Staffan de Mistura is building on the fragile ceasefire to lay the groundwork for negotiations in Geneva soon.
A partial truce, drawn up by the United States and Russia, is now into its second week and has slowed the pace of the war.
The ceasefire does not include ISIL and al-Nusra Front fighters.
At least 135 people have been killed since the ceasefire started but it has enabled many civilians to receive badly needed aid.
The Syrian opposition says it is dissatisfied with the implementation of the truce agreement and has yet to say whether it will attend the new talks.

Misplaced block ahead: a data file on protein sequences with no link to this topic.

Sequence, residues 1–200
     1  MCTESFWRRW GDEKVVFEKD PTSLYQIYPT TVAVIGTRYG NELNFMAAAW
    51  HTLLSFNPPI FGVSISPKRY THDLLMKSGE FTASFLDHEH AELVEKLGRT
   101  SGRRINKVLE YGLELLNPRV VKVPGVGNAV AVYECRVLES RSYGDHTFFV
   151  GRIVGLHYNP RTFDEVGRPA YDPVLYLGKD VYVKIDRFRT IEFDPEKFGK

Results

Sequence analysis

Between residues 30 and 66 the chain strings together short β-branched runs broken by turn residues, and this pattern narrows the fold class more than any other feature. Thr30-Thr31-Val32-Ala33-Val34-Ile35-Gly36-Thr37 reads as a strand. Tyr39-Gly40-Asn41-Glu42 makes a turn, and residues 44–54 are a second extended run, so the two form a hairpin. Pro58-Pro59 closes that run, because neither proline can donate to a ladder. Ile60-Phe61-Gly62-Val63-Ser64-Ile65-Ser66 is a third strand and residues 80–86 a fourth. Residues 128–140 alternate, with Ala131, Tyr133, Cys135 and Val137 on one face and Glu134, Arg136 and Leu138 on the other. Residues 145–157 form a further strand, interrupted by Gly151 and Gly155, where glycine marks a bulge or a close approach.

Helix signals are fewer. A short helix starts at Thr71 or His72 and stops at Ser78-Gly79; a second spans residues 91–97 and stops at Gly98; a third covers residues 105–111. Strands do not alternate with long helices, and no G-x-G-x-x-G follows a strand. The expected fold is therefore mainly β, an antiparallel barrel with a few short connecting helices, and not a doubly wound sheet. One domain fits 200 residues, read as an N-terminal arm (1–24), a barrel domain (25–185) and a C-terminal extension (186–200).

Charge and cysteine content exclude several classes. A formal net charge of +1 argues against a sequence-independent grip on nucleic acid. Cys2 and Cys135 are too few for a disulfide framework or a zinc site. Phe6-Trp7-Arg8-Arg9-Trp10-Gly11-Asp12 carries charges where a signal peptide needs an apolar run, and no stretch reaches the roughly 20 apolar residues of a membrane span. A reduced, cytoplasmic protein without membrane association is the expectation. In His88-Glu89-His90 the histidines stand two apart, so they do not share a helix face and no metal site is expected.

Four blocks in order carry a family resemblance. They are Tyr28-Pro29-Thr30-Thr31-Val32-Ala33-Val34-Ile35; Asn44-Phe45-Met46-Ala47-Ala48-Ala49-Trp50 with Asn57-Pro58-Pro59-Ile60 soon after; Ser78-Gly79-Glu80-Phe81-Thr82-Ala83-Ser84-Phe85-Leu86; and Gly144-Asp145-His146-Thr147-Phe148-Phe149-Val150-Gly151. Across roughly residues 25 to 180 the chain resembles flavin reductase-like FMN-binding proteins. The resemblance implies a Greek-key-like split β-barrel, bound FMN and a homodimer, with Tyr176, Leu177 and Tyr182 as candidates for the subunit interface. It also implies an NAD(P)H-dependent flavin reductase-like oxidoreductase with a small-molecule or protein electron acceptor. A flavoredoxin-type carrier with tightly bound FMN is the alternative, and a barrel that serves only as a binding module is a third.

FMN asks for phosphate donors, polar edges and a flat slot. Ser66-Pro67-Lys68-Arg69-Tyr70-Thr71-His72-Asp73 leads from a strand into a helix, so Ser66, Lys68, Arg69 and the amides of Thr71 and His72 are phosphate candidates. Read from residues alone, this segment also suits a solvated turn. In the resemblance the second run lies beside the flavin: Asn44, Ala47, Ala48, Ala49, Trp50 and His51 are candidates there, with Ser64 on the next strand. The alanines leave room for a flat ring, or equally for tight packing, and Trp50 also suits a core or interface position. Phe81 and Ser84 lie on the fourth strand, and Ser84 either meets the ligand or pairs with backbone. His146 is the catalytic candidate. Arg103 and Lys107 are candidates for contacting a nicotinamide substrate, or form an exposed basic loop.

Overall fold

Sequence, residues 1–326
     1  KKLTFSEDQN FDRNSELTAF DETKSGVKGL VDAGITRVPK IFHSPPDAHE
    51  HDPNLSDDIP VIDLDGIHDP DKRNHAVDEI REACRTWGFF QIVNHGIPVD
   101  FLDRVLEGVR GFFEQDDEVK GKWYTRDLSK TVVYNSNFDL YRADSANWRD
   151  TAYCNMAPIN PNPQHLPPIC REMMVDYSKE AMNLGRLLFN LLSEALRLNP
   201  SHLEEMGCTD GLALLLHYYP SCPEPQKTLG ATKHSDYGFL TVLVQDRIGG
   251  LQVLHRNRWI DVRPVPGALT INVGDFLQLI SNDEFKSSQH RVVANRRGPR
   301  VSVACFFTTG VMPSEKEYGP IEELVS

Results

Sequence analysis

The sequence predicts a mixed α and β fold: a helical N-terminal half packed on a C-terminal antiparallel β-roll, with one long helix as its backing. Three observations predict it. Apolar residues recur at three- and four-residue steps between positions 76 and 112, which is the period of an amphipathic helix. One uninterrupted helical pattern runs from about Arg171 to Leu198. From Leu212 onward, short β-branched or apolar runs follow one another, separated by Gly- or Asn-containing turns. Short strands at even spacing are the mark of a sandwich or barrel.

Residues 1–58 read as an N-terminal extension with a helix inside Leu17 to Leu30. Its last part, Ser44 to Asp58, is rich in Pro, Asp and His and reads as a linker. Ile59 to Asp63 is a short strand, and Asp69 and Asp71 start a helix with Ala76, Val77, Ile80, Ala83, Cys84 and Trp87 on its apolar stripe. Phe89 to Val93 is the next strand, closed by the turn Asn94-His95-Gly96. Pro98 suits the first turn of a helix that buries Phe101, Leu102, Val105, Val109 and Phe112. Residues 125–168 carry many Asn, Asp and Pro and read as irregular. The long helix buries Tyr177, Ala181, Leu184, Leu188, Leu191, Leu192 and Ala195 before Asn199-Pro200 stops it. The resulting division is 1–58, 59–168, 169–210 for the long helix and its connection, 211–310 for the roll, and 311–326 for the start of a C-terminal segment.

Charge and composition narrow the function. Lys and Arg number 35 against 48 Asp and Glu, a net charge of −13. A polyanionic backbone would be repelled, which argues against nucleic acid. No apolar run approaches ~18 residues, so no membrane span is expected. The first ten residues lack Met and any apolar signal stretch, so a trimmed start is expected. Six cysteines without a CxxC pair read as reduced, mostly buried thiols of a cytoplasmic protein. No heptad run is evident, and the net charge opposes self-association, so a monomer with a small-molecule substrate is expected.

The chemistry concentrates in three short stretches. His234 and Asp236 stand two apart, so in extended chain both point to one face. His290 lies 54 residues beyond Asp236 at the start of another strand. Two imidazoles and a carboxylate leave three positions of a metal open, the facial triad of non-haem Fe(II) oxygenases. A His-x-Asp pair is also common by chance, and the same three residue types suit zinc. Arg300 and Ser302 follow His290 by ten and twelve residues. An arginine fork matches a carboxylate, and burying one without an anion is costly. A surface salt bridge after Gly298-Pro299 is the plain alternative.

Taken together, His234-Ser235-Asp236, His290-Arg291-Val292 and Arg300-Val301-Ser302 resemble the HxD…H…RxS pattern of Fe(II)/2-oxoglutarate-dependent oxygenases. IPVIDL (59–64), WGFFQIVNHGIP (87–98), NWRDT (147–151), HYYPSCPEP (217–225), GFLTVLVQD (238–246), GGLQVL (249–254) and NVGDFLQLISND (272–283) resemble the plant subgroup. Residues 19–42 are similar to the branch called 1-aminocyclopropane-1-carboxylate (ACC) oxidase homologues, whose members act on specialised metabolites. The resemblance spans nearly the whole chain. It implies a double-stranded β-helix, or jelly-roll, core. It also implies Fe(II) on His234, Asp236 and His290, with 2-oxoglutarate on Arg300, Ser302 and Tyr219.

Saudi Arabia has reiterated its position on Bashar al-Assad, saying that the Syrian president has to leave at the beginning of the talks, not the end.
So, will talks take place? And can a ceasefire hold in the future?
Presenter: Sami Zeidan
Vladimir Mikheev, independent analyst with the Troika Report Project.
Julien Barnes-Dacey, Senior Policy Fellow in the Middle East and North Africa Programme for the European Council on Foreign Relations.
Monzer Akbik, member of the Syrian National Coalition.
Source: Al Jazeera